With its rugged off-road prowess and reputation for reliability, Toyota’s stalwart 4Runner sport utility vehicle is enjoying a sales revival, thanks to low gasoline prices.
Sales in the U.S. of the 4Runner, which ranks in the bottom third in fuel economy among gasoline-powered SUVs with 17 mpg in city driving and up to 22 mpg on highways, are up nearly 25 percent so far this year. This follows a strong 2015, when 4Runner sales surpassed 97,000 and grew by 26 percent over the previous calendar year.
The 4Runner’s durability attracts buyers with active lifestyles — camping, mountain biking, skiing. The tough-looking 4Runner has kept its truck-like construction, and though its four-link rear axle and coil-spring suspension aren’t necessarily modern, they’re tried-and-proven for off-roading.
Drivers can climb and descend steep hills because the 4Runner’s short front and rear overhangs keep bumpers and tailpipes from slamming into the slopes, and high ground clearance helps the 4Runner straddle rocks. Plus, the four-door SUV comes standard with valuable features, such as a full-size spare tire.
The starting manufacturer’s suggested retail price, including destination charge, is $34,710, though there are several trim levels and with two- and four-wheel drive.
Every 2016 4Runner comes with a 270-horsepower V-6 and five-speed automatic transmission that provide towing capacity for up to 5,000 pounds of trailers, boats and other gear, as well as an integrated tow-hitch receiver and wiring harness. There are also standard traction control and skid plates that shield major components, such as the engine and fuel tank, from off-road damage.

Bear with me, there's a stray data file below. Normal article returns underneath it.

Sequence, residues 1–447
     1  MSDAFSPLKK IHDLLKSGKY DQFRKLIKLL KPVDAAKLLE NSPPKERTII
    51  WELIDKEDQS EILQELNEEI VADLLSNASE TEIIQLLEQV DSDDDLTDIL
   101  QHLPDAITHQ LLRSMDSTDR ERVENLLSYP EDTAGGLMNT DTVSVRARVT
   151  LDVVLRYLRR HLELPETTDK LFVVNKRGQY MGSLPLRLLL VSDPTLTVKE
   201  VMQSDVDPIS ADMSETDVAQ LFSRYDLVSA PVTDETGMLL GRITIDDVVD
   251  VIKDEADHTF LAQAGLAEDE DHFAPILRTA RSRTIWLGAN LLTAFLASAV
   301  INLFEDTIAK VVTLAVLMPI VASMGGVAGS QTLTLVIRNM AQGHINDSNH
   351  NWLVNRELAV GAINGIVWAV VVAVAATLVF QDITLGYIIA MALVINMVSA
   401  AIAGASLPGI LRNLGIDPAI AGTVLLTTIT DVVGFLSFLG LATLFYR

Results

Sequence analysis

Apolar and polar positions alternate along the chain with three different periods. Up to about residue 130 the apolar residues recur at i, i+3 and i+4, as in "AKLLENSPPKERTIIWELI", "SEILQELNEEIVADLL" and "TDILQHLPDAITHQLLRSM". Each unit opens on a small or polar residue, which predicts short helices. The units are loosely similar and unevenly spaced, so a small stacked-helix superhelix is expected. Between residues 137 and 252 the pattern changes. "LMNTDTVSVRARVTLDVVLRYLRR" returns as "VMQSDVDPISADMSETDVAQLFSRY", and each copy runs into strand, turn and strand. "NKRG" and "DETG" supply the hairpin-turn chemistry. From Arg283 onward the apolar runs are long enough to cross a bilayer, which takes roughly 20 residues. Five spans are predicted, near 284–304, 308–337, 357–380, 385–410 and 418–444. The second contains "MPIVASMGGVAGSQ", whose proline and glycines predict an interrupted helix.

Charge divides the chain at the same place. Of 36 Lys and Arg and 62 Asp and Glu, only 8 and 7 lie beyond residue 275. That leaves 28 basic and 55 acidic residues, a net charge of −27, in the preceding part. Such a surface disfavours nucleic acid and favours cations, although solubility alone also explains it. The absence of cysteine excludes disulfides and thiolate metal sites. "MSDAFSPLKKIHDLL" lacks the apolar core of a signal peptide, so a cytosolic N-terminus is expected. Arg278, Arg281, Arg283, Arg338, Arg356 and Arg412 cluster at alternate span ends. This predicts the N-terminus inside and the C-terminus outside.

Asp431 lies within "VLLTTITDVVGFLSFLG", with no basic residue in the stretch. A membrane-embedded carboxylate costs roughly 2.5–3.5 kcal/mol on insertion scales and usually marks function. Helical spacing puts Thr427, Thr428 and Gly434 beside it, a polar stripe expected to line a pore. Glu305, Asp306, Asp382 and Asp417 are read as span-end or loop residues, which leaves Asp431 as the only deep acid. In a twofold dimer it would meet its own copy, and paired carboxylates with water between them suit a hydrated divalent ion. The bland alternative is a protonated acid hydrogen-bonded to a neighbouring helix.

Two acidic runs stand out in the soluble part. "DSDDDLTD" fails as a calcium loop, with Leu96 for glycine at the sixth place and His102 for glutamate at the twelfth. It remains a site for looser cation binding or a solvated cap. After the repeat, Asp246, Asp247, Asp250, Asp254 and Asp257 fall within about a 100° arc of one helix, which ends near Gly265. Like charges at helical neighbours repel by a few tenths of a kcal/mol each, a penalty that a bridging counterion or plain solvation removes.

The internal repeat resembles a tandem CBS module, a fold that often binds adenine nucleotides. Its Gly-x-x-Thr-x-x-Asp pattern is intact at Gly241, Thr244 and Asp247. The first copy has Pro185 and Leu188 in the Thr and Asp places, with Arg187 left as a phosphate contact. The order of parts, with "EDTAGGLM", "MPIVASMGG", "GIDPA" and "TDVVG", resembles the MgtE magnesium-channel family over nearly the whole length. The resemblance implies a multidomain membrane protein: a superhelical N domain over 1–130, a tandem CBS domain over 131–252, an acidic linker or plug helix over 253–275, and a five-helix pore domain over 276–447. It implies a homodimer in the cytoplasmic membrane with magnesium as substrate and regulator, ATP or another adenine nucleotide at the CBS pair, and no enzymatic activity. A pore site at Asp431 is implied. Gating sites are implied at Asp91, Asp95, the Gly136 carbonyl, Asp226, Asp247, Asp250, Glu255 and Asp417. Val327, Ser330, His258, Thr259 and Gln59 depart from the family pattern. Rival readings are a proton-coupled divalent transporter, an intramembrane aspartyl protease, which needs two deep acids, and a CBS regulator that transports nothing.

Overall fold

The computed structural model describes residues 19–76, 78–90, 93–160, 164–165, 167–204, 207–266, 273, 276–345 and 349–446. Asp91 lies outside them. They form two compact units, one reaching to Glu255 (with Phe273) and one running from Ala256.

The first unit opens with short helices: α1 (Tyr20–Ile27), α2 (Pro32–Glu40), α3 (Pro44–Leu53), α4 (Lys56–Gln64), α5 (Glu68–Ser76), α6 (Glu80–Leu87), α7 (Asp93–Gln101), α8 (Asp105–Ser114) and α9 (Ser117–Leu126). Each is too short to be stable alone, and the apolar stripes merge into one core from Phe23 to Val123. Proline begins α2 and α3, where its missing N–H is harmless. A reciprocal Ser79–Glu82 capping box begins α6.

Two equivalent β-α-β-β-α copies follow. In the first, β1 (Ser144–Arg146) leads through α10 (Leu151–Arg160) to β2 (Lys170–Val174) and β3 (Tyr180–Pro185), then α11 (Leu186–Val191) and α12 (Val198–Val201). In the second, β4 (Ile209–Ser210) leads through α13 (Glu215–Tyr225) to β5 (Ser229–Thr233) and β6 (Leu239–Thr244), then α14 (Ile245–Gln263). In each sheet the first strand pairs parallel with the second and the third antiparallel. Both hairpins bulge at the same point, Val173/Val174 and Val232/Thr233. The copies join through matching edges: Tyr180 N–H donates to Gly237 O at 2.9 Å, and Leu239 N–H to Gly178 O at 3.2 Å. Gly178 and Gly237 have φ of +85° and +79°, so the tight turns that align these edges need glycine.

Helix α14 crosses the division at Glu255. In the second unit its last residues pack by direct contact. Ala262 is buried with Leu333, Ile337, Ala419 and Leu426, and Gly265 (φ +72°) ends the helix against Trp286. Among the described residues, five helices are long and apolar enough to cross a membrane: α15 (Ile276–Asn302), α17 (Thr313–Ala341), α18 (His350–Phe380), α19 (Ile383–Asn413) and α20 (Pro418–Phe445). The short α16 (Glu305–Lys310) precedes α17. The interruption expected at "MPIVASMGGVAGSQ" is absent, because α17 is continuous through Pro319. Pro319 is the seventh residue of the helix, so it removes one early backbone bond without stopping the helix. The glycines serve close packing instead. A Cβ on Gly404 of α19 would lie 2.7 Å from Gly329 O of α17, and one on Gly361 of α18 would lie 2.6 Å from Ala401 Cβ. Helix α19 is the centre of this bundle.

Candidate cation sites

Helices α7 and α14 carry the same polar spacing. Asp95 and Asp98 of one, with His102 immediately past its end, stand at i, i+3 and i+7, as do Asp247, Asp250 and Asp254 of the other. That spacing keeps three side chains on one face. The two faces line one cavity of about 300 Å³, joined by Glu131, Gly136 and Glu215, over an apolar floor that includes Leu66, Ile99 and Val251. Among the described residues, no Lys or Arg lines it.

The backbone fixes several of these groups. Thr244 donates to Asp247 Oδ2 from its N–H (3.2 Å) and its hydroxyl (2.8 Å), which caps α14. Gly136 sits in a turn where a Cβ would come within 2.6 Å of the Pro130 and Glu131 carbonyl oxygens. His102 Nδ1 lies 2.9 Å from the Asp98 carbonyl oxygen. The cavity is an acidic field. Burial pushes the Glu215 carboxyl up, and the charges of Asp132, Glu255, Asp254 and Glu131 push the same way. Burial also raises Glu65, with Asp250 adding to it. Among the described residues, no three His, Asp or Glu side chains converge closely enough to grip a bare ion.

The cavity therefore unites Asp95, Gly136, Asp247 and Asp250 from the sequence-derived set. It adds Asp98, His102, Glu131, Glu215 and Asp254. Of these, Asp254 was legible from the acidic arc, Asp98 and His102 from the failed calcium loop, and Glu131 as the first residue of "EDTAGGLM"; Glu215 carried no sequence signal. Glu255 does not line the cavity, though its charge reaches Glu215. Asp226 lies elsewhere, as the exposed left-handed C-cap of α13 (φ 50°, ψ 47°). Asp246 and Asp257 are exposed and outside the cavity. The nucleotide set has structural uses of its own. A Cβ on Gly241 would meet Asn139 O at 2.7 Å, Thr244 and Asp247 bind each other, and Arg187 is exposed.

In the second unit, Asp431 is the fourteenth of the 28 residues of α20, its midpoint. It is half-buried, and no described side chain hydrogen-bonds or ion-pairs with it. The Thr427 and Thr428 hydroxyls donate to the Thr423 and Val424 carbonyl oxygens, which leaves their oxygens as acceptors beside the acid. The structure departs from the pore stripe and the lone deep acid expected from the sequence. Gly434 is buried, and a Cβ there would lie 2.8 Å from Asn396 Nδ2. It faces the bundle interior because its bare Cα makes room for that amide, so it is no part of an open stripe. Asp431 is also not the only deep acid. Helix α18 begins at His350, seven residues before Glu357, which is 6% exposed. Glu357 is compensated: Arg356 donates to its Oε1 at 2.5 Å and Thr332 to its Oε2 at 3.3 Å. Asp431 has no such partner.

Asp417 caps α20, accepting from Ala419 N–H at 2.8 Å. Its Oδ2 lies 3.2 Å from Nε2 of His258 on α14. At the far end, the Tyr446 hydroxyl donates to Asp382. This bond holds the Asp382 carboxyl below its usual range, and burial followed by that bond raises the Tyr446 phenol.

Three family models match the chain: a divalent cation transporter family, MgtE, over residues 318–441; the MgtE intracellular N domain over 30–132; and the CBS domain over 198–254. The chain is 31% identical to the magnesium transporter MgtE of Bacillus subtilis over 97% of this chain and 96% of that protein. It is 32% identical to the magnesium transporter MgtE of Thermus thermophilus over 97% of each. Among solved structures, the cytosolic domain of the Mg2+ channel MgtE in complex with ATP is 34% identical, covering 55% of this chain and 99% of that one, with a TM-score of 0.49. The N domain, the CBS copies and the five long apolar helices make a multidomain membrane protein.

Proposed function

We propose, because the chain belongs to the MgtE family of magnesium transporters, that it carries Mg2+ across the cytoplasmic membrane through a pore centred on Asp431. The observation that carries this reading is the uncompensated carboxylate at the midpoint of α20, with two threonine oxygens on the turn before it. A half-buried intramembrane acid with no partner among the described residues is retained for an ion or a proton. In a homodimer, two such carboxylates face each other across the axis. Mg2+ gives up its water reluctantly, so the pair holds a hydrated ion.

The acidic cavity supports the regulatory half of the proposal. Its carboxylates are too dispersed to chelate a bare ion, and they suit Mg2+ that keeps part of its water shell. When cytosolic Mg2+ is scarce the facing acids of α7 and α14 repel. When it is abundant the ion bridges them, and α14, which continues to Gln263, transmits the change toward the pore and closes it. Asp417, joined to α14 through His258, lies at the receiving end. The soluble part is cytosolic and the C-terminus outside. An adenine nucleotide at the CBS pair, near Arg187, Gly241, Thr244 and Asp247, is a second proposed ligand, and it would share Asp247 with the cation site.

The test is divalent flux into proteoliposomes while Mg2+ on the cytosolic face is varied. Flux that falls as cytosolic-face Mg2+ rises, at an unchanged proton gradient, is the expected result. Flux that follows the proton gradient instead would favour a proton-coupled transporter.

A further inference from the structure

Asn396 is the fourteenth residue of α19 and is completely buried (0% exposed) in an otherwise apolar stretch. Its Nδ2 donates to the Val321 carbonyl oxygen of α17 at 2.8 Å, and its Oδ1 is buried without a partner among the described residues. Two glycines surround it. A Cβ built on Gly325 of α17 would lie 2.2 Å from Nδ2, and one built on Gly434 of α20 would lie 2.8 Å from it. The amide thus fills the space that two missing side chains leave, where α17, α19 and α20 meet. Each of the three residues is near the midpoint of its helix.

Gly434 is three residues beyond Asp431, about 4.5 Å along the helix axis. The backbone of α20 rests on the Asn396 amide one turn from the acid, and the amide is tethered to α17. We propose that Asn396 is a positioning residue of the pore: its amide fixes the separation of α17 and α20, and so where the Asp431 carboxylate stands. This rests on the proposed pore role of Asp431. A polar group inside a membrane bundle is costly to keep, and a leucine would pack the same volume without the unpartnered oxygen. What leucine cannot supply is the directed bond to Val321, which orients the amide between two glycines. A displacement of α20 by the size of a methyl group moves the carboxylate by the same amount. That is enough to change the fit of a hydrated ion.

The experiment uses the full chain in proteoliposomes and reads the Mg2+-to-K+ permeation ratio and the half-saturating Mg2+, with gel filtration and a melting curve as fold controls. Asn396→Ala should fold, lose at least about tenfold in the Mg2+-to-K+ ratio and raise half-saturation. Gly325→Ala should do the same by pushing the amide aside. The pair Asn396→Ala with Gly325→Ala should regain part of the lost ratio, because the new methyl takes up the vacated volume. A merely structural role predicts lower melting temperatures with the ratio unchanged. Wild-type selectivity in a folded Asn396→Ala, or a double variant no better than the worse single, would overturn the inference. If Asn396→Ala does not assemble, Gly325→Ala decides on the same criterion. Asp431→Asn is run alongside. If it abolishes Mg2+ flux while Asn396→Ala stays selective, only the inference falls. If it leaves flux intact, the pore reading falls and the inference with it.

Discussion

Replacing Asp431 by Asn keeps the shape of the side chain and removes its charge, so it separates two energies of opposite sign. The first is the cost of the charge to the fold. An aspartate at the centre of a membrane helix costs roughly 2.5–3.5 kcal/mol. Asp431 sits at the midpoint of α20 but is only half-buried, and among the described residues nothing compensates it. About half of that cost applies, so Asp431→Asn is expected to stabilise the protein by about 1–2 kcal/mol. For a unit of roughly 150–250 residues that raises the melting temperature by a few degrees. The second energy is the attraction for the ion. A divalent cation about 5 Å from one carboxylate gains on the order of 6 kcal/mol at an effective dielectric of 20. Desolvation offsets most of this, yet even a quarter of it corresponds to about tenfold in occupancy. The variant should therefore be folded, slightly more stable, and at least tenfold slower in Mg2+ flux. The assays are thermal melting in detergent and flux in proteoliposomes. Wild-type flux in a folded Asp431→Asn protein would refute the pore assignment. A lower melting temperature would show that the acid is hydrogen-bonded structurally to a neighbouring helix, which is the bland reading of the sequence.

ALG named the 2016 4Runner best in resale value among off-road utilities this model year, topping the Jeep Wrangler and Jeep Grand Cherokee. Both Jeeps were rated worse than average in reliability by Consumer Reports, while it listed the 4Runner as much better than average in reliability, and predicted reliability for the 2016 model is listed as excellent.
The test 4Runner — a Trail Premium model with four-wheel drive — needed a big step up to get inside, and headroom of 38.6 inches was less than expected due to a sliding moon roof and shade.
On the outside, the burly-looking 4Runner accentuated its power with a large hood scoop and 17-inch alloy wheels. A standard rearview camera gives the driver clear views of what’s behind.
Five seats are standard and provide good comfort. An optional third row adds two more seats, but legroom back there is only 29.3 inches and is best for children.
Generous cargo space of 47.2 cubic feet exists behind the second-row seats; it grows to 89.7 cubic feet when the seats are folded.
The 4-liter, double overhead cam V-6 gave strong pull to the 4Runner as torque peaks at 278 foot-pounds at 4,400 rpm.
The tester averaged only 18.5 mpg, for a range of 425 miles on a single tank of regular gasoline. But with today’s average gas prices, it would cost $41 to fill up the 23-gallon tank.
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